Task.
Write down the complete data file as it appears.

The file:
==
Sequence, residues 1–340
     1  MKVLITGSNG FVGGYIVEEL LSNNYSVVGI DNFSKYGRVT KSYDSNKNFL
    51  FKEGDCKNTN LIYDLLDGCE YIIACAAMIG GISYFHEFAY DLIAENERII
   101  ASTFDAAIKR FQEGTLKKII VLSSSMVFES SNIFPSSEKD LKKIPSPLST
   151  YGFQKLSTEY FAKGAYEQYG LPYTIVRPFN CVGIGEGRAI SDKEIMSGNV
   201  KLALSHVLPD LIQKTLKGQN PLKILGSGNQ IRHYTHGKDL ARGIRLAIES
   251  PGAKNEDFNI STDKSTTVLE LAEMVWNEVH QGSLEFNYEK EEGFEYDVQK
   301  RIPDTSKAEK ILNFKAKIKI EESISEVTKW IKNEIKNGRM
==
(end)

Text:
Sequence, residues 1–340
     1  MKVLITGSNG FVGGYIVEEL LSNNYSVVGI DNFSKYGRVT KSYDSNKNFL
    51  FKEGDCKNTN LIYDLLDGCE YIIACAAMIG GISYFHEFAY DLIAENERII
   101  ASTFDAAIKR FQEGTLKKII VLSSSMVFES SNIFPSSEKD LKKIPSPLST
   151  YGFQKLSTEY FAKGAYEQYG LPYTIVRPFN CVGIGEGRAI SDKEIMSGNV
   201  KLALSHVLPD LIQKTLKGQN PLKILGSGNQ IRHYTHGKDL ARGIRLAIES
   251  PGAKNEDFNI STDKSTTVLE LAEMVWNEVH QGSLEFNYEK EEGFEYDVQK
   301  RIPDTSKAEK ILNFKAKIKI EESISEVTKW IKNEIKNGRM